The cycle of the Scrum iteration
Scrum also has Artifacts that each Scrum Team needs to be aware of during the development lifecycle like: Product Backlog, Sprint Backlog, and Product Increment. The Product Backlog is a collection of desired features for the product. The Sprint Backlog is a set of tasks to be completed in the current sprint. And finally, the Product Increment is the output of a Sprint Backlog consisting of all items that are Done and potentially shippable.
The term Kanban comes from Japanese and it literally means “signboard”. This Agile method to manage workflow doesn’t define any roles or ceremonies in the way that Scrum does, but it is based on three basic principles:
- Visualization – the Kanban board with columns representing every stage of the work process helps the team visualize the process and make sure that nothing is forgotten
- Minimum passage time – called cycle time, it shows the time spent passing the project from the “to do” to the “done” stage
- Limitation of Work in Progress (WIP) – articulates the maximum possible items in the in-progress column, helping the team stay focused. This reduces waste and improves quality and flow.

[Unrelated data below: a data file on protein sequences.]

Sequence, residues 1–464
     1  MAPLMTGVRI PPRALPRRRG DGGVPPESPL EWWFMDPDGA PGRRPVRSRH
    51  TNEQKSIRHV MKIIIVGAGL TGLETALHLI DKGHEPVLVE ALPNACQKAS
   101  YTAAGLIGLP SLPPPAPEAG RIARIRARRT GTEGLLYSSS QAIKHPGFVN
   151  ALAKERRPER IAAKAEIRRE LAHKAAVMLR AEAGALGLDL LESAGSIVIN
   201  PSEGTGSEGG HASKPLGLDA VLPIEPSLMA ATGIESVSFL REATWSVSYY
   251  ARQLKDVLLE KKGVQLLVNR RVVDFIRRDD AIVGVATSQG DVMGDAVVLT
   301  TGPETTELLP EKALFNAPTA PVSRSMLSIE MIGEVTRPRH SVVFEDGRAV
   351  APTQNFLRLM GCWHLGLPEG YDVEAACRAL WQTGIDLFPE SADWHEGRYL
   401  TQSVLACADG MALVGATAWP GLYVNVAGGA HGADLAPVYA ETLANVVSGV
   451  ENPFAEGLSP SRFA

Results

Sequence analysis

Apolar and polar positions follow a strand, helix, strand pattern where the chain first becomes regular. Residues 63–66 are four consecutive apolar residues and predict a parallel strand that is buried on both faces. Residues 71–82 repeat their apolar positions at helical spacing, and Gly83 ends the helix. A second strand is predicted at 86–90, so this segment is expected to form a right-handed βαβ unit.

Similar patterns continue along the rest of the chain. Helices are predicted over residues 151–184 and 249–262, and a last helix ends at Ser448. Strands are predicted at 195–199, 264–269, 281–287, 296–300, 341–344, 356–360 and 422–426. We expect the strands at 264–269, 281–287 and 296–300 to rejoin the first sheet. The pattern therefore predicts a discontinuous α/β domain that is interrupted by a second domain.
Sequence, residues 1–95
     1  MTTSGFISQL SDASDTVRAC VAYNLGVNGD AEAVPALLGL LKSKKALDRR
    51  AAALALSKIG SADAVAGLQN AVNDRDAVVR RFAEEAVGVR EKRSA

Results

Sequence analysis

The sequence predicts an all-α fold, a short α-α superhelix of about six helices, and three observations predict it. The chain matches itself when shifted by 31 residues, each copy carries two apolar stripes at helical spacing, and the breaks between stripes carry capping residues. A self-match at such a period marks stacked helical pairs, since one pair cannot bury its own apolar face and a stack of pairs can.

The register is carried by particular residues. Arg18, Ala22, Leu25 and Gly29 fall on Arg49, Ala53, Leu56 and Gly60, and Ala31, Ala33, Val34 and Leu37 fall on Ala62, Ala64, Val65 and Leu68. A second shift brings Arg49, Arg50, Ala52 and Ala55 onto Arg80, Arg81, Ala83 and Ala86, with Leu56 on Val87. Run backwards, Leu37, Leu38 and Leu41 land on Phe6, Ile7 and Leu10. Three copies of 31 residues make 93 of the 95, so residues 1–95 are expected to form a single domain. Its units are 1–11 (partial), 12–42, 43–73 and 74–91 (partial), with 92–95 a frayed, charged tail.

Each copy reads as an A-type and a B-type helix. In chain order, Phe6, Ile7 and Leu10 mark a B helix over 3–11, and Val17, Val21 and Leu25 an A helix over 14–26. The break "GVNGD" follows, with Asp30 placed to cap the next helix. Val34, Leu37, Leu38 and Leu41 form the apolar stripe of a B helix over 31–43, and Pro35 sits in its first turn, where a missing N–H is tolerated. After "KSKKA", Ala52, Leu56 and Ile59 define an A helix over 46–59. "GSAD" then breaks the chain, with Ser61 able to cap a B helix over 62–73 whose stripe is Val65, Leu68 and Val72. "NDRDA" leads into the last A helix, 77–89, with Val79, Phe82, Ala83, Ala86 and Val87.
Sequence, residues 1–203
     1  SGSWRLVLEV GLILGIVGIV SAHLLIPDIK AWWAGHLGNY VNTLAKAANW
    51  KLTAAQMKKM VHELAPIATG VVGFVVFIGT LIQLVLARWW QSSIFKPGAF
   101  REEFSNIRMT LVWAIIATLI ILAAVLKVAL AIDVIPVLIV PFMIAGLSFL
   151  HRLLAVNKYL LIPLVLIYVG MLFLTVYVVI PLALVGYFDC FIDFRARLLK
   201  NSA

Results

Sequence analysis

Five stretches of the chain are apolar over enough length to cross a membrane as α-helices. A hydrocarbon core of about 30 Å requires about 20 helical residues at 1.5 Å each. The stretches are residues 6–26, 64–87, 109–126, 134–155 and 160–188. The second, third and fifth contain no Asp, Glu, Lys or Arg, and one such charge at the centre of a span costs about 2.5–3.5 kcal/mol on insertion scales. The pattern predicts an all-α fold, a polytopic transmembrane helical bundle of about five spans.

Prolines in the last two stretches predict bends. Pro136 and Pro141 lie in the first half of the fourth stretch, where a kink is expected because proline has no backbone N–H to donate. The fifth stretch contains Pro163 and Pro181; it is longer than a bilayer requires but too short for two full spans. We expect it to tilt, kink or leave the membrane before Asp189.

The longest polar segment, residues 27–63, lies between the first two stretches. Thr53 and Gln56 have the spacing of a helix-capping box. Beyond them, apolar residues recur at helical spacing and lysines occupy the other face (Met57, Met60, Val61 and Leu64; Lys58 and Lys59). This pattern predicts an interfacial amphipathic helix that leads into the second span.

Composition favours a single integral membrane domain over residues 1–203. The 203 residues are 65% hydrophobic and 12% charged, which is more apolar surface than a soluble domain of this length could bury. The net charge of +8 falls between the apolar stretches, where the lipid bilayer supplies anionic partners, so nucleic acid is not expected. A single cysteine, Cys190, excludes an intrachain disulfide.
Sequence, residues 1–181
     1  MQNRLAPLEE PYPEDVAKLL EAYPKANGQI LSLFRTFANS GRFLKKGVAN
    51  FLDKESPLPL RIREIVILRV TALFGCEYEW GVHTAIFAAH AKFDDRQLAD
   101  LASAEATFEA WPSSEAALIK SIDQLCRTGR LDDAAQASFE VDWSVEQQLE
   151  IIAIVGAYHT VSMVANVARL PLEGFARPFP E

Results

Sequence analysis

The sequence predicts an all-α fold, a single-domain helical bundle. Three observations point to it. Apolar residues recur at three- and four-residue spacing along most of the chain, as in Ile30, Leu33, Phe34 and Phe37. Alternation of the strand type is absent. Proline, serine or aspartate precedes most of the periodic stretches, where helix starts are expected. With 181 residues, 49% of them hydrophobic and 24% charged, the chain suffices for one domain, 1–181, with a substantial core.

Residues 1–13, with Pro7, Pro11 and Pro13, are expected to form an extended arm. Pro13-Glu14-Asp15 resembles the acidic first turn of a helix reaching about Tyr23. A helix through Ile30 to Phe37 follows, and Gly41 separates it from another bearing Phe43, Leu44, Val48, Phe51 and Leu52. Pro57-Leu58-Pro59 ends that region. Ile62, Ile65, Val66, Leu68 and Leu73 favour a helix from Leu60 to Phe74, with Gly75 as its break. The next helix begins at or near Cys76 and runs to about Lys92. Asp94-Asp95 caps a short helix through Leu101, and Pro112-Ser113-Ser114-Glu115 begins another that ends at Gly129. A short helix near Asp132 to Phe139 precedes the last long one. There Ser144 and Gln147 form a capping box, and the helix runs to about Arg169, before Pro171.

Find references below:
- * https://agilemanifesto.org/
- ** https://www.wirtek.com/achieving-customer-experience-success-through-agile/
- *** https://www.wirtek.com/agile-a-way-of-thinking/
- Course: The Fundamentals of Agile by Stephen Haunts | Pluralsight https://app.pluralsight.com/library/courses/agile-fundamentals
- Course: Kanban Fundamentals by Steve Smith | Pluralsight https://app.pluralsight.com/library/courses/kanban-fundamentals
In today’s competitive and ever-changing business environment your company operates under the pressure of innovating faster and on a superior level, in order to achieve the best results in terms of return on investment.
Agility is also required as we need to quickly respond and adapt to the unfolding COVID-19 crisis to be able to continue delivering services and value to our customers. Whether working in the office or from home, your team members need to be able to harness the full potential of a collaborative approach in order to build systems resilience.
In conclusion, Agile enables improved communication within your team and with your customers. It fosters continuous learning and therefore adaptability to the environment. Regardless of the Agile project management framework, your team is using, as long as the team members stick to the principles and the core values they will continuously deliver high-value functionality early to customers. This will help minimize the impact on the course of the company’s growth.
Interested in finding out how you can capitalize on the advantages of Agile? Drop us a message at email@example.com or call us at +45 72146660!